Tues, 22nd October 2019

The Cult of Self

Text by: 

Louise Strange

Photo by: 
Mathieu Stern on Unsplash

The world is drowning in labels: astrological signs, Myers-Briggs personality types, enneagrams. Western society is being inundated by a deluge of categorizations for every facet of human experience. We even find it in the buzzwords constantly found in US media today: selfcare, personal health, focus on myself. It all comes back to this intense focus on one’s own person.

We seek so much to find the perfect categorizations of every aspect of life, yearn for the perfect combination of names that will become our own individual self: a type A, INFJ, year of the rat, Scorpio sun, Aquarius moon, Pisces rising. It is almost as if these broad generalizations of who we are, are in the end meant to become the best descriptor of an individual – as if, with enough labels, we create an eclectic enough mix that no two people have the same.

And the media never fails to deliver – every day, it feels as if a new type of classification for humanity is discovered, whether that be a shift in where the astrological signs fall, or a new, more accurate quiz that can classify more people in a more personalized manner.

But where did this acute focus come from? At what point did people begin to demand a more specific generalization for one’s own identity? Perhaps one could say it has its roots in the standards of Western, or at least US childhood – in the participation trophies, the new social medias that demand a performance of what life is meant to be like. We were raised to give a show, to be valued for our own individual actions, and in this, became slaves to this ceaseless onslaught of Buzzfeed quizzes and personality tests.

Maybe the origin lies in the cult of ownership arising from the increasing materialism of Western culture. Every aspect of life is personalised by phone cases, bumper stickers, laptop cases. Objects are turned into subjective spaces for a manifestation of our own selves – which of course presents no problem, but perhaps it feeds into the need for self-expression and self-definition.

This is also where the paradox of this cult of self lies – we are demanded to be individuals, and yet the way in which we achieve our own individualism is through broad categorizations. In choosing to labels ourselves as Sagittarii, we are deciding that our core personality can be pared down to the same as one twelfth of the human population. Or we are turning rather fluid scales, such as that of how much one enjoys the company of people, into black-and-white binaries: introvert vs. extrovert.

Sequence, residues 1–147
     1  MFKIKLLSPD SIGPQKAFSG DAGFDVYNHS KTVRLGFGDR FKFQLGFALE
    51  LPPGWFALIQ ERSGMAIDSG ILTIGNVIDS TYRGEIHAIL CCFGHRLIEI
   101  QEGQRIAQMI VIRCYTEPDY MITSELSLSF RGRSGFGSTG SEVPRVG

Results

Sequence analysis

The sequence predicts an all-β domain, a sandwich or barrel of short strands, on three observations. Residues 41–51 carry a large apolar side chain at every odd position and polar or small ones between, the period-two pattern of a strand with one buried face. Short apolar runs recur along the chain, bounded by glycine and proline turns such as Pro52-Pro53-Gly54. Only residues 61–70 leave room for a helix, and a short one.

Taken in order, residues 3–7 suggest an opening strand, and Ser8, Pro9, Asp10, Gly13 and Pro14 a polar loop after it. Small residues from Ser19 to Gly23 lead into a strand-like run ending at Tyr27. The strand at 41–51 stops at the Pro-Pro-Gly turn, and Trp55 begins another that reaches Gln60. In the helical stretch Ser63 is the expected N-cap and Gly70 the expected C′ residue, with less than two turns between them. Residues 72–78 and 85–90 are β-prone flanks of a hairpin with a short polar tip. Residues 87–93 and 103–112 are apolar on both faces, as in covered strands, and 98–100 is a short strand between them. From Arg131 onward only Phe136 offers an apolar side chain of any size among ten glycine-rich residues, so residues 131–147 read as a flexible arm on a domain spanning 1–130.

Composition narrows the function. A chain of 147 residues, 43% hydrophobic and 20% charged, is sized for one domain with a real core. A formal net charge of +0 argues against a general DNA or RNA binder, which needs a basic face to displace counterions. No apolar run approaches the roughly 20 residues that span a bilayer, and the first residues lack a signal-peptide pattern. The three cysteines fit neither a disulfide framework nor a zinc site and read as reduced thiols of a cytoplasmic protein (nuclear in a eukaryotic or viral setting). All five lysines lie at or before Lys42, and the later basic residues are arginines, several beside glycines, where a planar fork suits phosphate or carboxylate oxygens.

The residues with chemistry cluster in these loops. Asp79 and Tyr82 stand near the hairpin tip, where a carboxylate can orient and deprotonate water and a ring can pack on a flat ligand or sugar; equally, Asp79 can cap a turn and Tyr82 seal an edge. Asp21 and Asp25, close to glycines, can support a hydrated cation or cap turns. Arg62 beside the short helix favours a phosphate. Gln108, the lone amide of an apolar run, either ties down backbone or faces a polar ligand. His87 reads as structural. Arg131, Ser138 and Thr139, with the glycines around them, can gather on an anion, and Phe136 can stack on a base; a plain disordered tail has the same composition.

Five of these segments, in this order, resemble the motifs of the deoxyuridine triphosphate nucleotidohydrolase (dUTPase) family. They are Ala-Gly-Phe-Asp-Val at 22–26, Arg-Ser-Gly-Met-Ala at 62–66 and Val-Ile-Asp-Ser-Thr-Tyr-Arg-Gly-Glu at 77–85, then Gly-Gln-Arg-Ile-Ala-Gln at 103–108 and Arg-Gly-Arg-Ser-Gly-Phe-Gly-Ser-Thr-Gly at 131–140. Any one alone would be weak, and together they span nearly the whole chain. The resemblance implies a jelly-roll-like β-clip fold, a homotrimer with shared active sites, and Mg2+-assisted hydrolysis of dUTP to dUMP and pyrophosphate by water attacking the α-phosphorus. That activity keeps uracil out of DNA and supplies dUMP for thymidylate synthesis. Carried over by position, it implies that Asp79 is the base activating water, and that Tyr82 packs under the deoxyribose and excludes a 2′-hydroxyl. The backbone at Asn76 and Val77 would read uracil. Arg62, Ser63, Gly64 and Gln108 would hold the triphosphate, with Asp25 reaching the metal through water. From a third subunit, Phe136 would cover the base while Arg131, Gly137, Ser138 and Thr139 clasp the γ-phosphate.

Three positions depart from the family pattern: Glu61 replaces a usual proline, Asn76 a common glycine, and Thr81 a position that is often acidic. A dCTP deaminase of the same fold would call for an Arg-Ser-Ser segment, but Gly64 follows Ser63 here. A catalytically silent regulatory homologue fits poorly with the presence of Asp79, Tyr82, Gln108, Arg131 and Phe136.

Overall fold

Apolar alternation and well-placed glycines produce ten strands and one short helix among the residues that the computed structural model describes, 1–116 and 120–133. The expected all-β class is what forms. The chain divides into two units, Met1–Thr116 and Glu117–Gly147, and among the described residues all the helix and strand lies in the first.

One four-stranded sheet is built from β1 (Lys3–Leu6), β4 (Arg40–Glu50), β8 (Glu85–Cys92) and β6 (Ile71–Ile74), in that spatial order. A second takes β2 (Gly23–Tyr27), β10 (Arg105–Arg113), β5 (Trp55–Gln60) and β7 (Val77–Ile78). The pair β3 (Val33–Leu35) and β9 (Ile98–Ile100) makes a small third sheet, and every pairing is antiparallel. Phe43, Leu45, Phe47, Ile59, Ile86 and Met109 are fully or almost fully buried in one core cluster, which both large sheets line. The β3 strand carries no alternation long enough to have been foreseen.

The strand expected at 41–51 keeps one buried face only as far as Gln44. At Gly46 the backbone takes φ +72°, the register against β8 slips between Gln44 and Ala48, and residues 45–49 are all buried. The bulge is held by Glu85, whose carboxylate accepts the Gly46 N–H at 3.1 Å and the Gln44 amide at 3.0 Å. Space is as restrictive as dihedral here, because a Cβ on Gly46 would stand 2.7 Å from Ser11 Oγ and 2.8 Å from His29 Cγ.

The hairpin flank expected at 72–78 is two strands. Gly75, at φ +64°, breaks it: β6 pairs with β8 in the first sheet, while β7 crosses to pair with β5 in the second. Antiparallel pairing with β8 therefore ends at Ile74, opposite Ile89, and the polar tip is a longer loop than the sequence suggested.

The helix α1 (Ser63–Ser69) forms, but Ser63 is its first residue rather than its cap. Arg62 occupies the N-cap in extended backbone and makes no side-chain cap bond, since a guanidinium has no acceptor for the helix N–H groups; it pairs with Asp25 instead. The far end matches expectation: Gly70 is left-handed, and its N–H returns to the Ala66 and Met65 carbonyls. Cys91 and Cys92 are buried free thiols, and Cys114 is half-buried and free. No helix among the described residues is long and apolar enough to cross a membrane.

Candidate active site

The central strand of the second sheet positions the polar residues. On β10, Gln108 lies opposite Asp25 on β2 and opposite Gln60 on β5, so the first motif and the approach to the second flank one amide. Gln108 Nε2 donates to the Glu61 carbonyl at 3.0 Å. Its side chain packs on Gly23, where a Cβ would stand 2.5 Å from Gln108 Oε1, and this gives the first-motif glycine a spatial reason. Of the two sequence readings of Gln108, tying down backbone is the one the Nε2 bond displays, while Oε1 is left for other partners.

That isn’t to say there is no value in these broad categorizations. As with anything, generalizing can help immensely in recognizing how best to interact with a person. Perhaps not with a Buzzfeed quiz on what kind of soup you are, but for Myers-Briggs tests or enneagrams, these can help others recognize in basic terms how you respond to other people, help, or leadership. They can give pointers in what generally is a bad or good idea with friends or family.

These products of the obsession with self have left a net good, in that they make understanding other a little better. But they are still not a complete picture of the self, or the individual.

In essence, we are asking to be defined by generalizations, to find enough overlaps in the Venn diagram to create one very specific individual. But what we forget in all of these is that these tests are only telling us things that we already know about ourselves. We are asking for all these labels, when in reality, the best way of expressing who you are to somebody else is simply to be with them.